Dry summer to blame for marts' 'difficult season'
PLENTY of adverse factors, primarily severe weather with extremes of both hot and cold, stacked up to make life extremely difficult for the UK breeding sheep sector this year.
Like many others, breeders and users of the all-purpose North of England Mule gimmer lamb, which remains Britain’s most prolific sheep breed in terms of numbers and also the country’s most popular commercial sheep, were particularly hard hit.
High profile annual ewe lamb sales at northern auctions marts this autumn failed to reach the heady heights seen in 2017 in terms of both numbers sold and overall selling averages. The feedback from these marts is very similar and tells its own story of a tough and challenging season.
BARNARD CASTLE/ST JOHN’S CHAPEL
BARNARD Castle Auction Mart reported that breeding sheep sales in Teesdale and Weardale got off to a better than expected start with the Mule shearlings fixture at Barnard Castle Mart and while the sale average of £126.90 was £17.22 down on the year stronger sheep were a marvellous trade.
Next on the agenda was the Barnard Castle Mule gimmer lamb sale, where an entry of 4,500 head averaged £90.27. Despite being down £13.53 on 2017, this would be one of the best averages achieved this season, said to be due to the consistency in quality.
The Weardale sale at St John’s Chapel Mart for slightly later born lambs from very high farms saw an overall average for the 2,100 Mule gimmer lambs on parade of £81.26, just £3 down on 2017.
Managing director and auctioneer Libby Bell said: “Autumn 2018 has been a difficult season.
“The dry summer and lack of grass resulted in Mule shearlings being difficult to place, particularly at the earlier sales, and the anticipation of winter costs and lack of fodder have certainly knocked confidence, resulting in the drop in prices for the breeding sheep. However, our two dales marts have achieved very satisfactory sales and I feel this is down to a number of factors – the stockmanship and quality of the animals presented, which is a credit to all the vendors, and the support of the buyers both regular and new. A tremendous atmosphere has prevailed at all the sales and this is down to the enthusiasm and goodwill of all concerned. Auction marts are the backbone of the livestock industry. Don’t forget – use us or lose us.”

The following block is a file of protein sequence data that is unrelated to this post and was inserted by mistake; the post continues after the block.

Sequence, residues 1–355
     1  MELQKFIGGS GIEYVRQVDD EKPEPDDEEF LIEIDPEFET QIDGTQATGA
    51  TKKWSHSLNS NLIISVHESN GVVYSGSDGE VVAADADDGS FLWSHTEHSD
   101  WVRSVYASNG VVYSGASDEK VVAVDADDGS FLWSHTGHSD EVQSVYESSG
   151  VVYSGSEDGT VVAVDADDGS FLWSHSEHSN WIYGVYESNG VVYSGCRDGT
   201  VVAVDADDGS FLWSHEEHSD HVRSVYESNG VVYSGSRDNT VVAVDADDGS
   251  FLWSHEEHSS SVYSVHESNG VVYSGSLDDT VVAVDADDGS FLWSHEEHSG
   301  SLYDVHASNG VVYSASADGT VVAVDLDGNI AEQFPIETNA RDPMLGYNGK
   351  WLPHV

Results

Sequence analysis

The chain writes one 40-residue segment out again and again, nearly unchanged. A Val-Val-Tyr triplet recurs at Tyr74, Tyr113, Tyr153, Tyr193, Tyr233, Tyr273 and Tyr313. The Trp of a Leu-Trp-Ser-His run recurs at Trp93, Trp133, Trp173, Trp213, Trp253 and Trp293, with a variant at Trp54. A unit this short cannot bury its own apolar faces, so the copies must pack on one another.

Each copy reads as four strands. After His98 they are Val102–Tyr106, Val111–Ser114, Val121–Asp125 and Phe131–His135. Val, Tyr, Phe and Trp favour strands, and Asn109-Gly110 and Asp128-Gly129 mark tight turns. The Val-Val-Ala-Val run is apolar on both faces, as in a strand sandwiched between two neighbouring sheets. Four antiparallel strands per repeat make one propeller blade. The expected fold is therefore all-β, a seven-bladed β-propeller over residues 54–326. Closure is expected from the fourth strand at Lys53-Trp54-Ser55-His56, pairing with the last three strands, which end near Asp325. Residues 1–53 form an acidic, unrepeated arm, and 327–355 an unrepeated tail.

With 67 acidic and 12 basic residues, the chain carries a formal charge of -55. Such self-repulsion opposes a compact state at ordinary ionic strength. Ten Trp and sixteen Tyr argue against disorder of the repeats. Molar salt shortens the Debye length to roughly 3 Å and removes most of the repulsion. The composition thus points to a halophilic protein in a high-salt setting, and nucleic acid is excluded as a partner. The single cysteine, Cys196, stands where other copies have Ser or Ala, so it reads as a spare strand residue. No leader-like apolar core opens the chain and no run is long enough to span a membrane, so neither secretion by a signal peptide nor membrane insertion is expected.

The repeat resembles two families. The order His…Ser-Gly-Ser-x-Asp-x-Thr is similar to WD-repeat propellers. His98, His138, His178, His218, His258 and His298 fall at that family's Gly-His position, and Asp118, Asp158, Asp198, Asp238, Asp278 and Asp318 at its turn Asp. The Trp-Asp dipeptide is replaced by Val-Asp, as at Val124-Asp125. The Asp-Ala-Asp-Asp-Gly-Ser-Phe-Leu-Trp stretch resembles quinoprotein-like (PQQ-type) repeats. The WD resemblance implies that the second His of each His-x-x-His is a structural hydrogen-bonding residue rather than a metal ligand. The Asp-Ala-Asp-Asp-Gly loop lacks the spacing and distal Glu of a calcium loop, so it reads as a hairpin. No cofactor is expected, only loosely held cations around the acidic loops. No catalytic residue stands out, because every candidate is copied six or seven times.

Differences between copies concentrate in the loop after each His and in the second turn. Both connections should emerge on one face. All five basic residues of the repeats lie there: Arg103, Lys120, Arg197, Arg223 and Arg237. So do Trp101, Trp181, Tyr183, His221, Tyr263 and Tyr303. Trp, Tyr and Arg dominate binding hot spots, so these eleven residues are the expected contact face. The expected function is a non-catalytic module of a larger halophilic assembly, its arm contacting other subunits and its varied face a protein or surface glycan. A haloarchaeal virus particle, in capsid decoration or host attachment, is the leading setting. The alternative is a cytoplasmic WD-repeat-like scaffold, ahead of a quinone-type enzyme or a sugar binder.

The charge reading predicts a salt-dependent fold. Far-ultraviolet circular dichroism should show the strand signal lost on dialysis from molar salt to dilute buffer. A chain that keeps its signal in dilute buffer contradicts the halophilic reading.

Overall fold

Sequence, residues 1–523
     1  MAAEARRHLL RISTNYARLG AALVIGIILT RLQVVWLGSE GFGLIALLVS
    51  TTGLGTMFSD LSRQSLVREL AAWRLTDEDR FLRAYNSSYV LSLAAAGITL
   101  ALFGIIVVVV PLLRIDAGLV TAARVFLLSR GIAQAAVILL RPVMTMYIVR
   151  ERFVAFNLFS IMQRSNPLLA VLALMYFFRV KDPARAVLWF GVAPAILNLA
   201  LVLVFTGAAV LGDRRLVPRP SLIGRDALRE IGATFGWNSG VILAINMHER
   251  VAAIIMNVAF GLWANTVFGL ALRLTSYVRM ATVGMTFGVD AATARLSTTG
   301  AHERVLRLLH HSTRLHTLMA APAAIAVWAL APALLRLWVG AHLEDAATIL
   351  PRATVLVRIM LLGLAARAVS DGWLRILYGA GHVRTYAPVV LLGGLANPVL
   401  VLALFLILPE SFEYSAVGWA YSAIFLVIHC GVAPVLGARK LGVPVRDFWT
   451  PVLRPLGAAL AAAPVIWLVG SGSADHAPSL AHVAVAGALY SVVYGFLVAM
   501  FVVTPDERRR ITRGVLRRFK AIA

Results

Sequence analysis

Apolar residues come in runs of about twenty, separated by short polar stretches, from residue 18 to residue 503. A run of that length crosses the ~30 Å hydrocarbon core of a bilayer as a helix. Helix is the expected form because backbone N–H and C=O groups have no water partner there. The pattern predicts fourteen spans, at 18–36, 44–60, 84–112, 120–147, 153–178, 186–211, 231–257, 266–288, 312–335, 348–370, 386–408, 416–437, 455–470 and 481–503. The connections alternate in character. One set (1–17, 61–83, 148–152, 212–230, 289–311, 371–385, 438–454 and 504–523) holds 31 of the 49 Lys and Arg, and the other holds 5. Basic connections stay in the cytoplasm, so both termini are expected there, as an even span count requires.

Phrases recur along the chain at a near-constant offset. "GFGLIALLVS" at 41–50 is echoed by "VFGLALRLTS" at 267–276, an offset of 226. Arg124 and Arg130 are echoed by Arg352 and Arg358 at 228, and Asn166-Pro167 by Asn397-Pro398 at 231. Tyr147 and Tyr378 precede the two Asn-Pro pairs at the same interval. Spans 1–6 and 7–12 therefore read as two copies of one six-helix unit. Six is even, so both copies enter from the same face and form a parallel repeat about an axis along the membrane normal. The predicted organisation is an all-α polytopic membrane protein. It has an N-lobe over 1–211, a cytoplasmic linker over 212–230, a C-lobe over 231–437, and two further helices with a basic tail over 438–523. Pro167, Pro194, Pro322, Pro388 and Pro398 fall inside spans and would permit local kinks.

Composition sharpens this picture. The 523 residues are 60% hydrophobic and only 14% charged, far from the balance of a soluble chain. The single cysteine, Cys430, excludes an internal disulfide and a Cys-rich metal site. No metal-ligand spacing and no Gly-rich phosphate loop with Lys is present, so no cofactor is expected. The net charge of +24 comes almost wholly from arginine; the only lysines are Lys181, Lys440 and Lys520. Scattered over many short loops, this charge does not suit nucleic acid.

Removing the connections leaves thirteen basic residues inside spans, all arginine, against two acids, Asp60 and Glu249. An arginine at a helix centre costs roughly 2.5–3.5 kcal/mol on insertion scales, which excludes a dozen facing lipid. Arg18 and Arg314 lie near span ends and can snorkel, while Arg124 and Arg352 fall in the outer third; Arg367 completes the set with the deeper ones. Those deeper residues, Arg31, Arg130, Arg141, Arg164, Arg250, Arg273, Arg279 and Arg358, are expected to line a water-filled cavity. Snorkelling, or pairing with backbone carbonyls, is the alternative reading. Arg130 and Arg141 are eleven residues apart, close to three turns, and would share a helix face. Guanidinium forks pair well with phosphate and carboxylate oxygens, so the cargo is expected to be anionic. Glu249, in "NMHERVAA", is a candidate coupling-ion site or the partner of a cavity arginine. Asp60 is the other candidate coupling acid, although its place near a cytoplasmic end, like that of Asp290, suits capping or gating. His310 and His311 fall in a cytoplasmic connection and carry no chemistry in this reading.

CARLISLE/LAZONBY/ KIRKBY STEPHEN /MIDDLETON-IN-TEESDALE
THERE was a similar story from Harrison & Hetherington in relation to its NEMSA gimmer lamb sales at Carlisle, Lazonby, Kirkby Stephen and Middleton-in-Teesdale.
At Carlisle, 2,094 lambs were sold at an average of £97.74, down £4.94 on the year, compared to 2,248 head in 2017 at £102.68.
The first Lazonby Alston Moor sale saw 7,786 lambs sold at an average of £80.94, down £14 on the year, compared to 9,039 head in 2017, with the third Lazonby sale seeing 3,799 NEMSA lambs go under the hammer at an overall average of £61.13, compared to the previous year’s 3,130 head and average of £77.51, representing a fall of £16.38.
Auctioneer James Little said: “Top end tupping lambs met a strong local and national trade similar to last year’s rates. However, due to the poor demand for shearlings in the south, smaller running lambs were much more difficult to sell.”
The total number of NEMSA gimmer lambs sold at Kirkby Stephen and Middleton this year was 11,677, a fall of 12 per cent on the year, with the vast majority – 9,419 head compared to 10.498 in 2017 – sold at Kirkby at an average of £86.44, down £17.38 on the year.
The overall average for both sales together was £84.85, a fall of 16 per cent on the year.
Mark Richardson, livestock manager and auctioneer at Kirkby Stephen, commented: “A major contributing factor to this was the extreme drought through summer, particularly in the southern regions, which meant many producers down there had either poor or no trade for their shearlings, which had a direct effect on demand for gimmer lambs.